Monthly Archives: February 2011

Expecting the Unreasonable

HLPR Online editorial staff Introduction Persons with disabilities can pose complex challenges to law enforcement officers charged with keeping the peace. Police officers are often the first responders to persons with mental disabilities in crisis.[1] These problematic, high-stakes encounters have drastically increased in frequency as a result of the gradual shift from institutional to community-based care.[2] The…

Fear The Sockpuppets

Jake Laperruque Growing up in the dawn of the Internet Age, as children we were often told, “don’t trust strangers online,” and frightened with stories of abductors posing as digital friends.  But, while we have always been vigilant of an individual with a misleading online identity, right now we face a new threat with strong…

Food Prices, a Speculator Sport?

Anthony Kammer  Frederick Kaufmann spoke last week at Harvard about his Harper’s Magazine article, The Food Bubble: How Wall Street starved millions and got away with it (pdf here), for an event sponsored by the HLS Food Society. Kaufmann has described, in scrupulous detail, how the creation of the Commodity Index Fundsin 1991 opened the door to speculation in…

Moore’s Law and The Future of Renewable Energy: Part 4

Jason Harrow This is the fourth post in a multi-part series. In Part 1, I described Moore’s Law, which states that computer technology gets twice as good, for the same price, every two years.  In Part 2, I argued that President Obama’s clean energy goals are overly optimistic because energy technologies do not obey Moore’s Law. In Part…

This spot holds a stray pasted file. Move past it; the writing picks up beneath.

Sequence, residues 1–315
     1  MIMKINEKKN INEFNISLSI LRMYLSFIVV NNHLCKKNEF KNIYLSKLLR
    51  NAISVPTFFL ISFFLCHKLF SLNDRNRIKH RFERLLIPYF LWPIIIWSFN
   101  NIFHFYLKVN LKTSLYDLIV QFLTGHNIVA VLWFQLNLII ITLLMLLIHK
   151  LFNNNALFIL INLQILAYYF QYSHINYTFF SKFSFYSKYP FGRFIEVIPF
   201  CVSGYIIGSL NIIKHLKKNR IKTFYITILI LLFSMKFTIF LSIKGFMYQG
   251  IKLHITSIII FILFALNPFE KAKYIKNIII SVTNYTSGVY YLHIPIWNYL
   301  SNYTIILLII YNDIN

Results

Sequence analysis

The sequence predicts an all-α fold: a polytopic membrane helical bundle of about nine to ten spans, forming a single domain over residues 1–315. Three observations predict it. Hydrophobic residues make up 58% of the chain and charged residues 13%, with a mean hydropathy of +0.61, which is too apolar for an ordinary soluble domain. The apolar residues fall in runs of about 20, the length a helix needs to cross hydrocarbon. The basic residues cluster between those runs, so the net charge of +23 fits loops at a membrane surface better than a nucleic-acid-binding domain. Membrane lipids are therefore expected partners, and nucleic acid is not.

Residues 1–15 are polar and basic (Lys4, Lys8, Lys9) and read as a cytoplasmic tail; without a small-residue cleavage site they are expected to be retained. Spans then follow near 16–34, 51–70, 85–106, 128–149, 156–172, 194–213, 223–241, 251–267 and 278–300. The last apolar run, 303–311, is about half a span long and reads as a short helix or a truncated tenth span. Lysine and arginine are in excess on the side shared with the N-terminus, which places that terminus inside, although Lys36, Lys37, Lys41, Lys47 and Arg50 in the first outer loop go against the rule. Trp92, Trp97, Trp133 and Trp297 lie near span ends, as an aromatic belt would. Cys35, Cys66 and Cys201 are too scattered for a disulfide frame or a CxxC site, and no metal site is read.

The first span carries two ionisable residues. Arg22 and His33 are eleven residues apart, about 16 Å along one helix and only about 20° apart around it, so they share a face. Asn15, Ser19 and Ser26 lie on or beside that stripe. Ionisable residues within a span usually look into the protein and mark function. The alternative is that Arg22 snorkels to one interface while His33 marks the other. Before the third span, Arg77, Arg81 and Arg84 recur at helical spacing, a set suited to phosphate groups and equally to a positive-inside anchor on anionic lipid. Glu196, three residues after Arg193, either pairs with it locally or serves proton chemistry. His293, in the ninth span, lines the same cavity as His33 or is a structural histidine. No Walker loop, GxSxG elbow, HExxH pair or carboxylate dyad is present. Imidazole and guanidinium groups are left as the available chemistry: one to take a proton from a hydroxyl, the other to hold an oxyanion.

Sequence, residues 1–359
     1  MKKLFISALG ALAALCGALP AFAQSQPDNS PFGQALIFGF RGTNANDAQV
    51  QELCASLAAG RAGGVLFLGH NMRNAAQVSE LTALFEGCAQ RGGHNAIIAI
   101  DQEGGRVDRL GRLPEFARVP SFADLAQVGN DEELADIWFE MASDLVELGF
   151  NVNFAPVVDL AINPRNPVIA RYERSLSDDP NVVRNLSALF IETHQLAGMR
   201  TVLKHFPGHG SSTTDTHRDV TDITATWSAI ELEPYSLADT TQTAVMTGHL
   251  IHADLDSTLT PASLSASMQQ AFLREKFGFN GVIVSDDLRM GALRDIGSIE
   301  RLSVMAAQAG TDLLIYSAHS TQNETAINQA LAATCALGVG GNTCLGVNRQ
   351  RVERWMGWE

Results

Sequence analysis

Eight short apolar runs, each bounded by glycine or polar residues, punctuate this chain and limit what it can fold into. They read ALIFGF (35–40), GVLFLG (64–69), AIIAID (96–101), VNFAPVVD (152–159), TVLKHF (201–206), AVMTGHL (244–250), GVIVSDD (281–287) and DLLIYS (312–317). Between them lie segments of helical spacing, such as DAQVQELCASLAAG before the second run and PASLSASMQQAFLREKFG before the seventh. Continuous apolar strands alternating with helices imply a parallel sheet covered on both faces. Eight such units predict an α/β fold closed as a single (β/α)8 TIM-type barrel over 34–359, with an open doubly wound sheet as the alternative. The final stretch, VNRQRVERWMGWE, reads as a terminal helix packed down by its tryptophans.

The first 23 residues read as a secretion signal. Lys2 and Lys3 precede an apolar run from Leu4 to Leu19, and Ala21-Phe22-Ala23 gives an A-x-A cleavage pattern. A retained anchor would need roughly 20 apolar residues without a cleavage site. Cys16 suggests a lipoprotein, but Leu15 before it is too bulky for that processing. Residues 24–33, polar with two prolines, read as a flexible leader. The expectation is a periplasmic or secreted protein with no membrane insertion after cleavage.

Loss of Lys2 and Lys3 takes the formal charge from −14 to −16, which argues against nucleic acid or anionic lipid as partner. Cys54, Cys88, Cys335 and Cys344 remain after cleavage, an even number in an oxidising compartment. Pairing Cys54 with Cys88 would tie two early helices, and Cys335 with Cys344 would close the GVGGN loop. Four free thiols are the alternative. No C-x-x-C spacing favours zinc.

A Response to Harvard’s Career Advice on Wikileaks

HLPR Online editorial staff This post was written by Danny Rosenthal and Rachel Lauter and signed by nine members of the HLPR masthead, incoming masthead, and blog staff.  Their names are listed at the end of the post.  The full response of Alexa Shabecoff, head of the Harvard Law School Office of Public Interest Advising,…

Wisconsin can afford tax cuts, not teachers?

Yevgeny Shrago Ohio and Indiana have followed Wisconsin into the Randian dream of breaking public sector unions by stripping them of dearly bought collective bargaining rights. Although most Americans (when polled by someone other than a Republican quasi-operative like Scott Rasmussen) oppose Wisconsin Governor Scott Walker’s plan, don’t expect this to be the sort of issue that drives votes…

Financial Crisis Reform: What Does that Mean for You?

Zach Luck Most people never owned a subprime mortgage, many never owned a mortgage, and very few will ever buy a mortgage backed security.  But, look in your wallet and you will nevertheless likely find a complicated credit product:  Your credit card. In 2009, in the wake of the financial crisis, Congress passed significant new…

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